Towson, Md. (June 16, 2010):†This spring, with more than $307,000 provided by the National Science Foundation (NSF) under the American Recovery and Reinvestment Act, TU acquired a 400 MHz Nuclear Magnetic Resonance (NMR) spectrometer now located in the Department of Chemistry. The NMR spectrometer is a powerful analytical instrument used by research chemists to characterize the structure of molecules. Principal investigator Clare Muhoro and co-principal investigator Lev Ryzhkov, working collaboratively with other department faculty, expect the NMR acquisition to expand the departmentís research capabilities and enhance its productivity to allow for better integration of faculty research with undergraduate education.
In the past, faculty needing access to an NMR spectrometer were forced to travel to either Goucher College or to Johns Hopkins University. The commute was highly inconvenient, and it was not feasible for TU researchers to continually pay for laboratory access.† Muhoro says the new equipment significantly reduces the amount of time and effort needed to carry out experiments and also provides greater opportunities for multidisciplinary research. TU faculty will soon begin meeting to discuss potential projects on which to collaborate.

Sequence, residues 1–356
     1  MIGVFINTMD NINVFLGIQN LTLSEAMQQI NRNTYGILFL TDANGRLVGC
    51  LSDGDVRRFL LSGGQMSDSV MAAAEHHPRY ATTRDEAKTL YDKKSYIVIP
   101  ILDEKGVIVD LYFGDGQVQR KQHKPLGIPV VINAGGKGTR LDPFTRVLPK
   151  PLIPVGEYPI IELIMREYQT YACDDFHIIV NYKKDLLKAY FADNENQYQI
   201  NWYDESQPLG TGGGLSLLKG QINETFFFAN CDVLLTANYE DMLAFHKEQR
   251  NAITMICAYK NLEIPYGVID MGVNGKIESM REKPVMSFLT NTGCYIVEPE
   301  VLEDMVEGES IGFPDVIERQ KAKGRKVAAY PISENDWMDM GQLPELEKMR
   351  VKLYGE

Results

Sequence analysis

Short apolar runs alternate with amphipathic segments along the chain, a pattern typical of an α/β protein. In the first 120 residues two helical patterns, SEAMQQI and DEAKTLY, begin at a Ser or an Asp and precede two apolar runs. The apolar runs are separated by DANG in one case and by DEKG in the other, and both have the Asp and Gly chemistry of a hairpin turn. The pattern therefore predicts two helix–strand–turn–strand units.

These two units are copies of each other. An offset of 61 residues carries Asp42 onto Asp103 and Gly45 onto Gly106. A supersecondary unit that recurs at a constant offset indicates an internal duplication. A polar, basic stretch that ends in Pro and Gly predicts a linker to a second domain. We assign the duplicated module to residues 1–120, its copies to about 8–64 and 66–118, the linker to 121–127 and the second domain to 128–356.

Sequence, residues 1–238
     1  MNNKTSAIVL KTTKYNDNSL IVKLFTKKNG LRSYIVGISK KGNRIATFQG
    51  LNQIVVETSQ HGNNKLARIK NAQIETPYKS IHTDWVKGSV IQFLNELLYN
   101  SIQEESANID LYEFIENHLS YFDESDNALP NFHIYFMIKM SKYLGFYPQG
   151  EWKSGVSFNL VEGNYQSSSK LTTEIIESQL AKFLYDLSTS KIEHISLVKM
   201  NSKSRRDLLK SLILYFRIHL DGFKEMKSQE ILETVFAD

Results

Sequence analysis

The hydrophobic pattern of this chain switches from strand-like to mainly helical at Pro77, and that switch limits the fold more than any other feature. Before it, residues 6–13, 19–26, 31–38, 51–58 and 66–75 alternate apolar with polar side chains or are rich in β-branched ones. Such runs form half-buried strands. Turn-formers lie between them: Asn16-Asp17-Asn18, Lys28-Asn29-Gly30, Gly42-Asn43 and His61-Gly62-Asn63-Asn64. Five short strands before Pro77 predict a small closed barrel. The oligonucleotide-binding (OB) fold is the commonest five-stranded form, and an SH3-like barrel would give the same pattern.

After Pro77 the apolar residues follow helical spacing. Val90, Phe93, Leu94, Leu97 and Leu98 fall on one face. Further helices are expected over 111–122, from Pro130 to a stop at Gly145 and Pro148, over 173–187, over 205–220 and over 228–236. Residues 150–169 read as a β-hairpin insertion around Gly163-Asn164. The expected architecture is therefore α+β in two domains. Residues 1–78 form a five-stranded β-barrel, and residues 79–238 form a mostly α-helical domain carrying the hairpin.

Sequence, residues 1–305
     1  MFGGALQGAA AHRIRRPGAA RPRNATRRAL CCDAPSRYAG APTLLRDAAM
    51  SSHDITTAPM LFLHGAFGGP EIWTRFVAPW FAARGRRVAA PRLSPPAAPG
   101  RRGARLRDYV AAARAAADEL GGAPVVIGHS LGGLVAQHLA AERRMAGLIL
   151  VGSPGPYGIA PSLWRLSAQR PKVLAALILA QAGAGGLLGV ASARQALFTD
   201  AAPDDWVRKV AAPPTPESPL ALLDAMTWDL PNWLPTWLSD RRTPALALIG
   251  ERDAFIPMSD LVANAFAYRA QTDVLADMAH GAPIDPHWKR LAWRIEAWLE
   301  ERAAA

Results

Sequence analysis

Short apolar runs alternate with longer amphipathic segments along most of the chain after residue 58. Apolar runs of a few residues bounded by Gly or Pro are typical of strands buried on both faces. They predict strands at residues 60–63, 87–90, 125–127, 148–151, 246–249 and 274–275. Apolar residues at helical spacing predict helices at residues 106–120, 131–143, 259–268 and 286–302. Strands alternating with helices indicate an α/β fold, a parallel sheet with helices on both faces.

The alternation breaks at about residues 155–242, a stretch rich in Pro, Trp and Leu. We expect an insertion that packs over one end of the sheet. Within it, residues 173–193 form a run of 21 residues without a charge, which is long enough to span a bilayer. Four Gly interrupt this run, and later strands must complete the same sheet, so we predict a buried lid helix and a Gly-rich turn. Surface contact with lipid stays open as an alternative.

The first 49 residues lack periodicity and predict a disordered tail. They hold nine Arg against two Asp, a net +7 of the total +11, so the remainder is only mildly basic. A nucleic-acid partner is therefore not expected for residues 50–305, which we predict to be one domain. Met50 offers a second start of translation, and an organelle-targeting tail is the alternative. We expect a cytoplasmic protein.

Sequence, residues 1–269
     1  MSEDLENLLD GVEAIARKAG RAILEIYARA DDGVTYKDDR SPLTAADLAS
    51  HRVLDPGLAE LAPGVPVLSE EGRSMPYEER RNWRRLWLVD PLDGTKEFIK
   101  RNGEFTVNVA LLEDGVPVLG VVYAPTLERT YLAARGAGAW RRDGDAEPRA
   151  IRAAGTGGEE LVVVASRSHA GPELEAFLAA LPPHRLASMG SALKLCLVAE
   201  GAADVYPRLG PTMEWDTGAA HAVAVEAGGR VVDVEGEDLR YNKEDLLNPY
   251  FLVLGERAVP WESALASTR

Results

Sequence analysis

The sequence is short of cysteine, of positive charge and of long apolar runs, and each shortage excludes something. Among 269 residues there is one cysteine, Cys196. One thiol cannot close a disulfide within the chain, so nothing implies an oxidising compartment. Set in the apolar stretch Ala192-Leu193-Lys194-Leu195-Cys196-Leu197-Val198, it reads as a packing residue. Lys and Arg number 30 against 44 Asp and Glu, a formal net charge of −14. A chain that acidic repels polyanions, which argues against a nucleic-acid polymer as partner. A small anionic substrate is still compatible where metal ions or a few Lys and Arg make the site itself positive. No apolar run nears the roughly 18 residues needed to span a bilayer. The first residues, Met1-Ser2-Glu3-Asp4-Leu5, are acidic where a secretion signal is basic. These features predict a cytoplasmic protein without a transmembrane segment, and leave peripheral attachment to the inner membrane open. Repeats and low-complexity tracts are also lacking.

By enhancing efficiency and productivity within the lab, this spectrometer will also offer valuable research experiences to undergraduate students pursuing degrees certified by the American Chemical Society (ACS). Taken with several ongoing educational activities*, the TU chemistry program will continue to promote and mentor underrepresented students in an effort to enhance and diversify the scientific community at both regional and national levels. In addition, the instrument will be used in organic chemistry courses. It is anticipated that the NMR will also attract quality faculty to the department, thus facilitating the overall growth of the program and the college as a whole.
On June 30, a ribbon-cutting ceremony will take place at 2:30 p.m. in Smith Hall 583 to celebrate the addition of the NMR to the Department of Chemistry.
*These activities include the NIH Bridges grant, NSF sponsored Research Experience for Undergraduate programs, and TUís Women in Science program.
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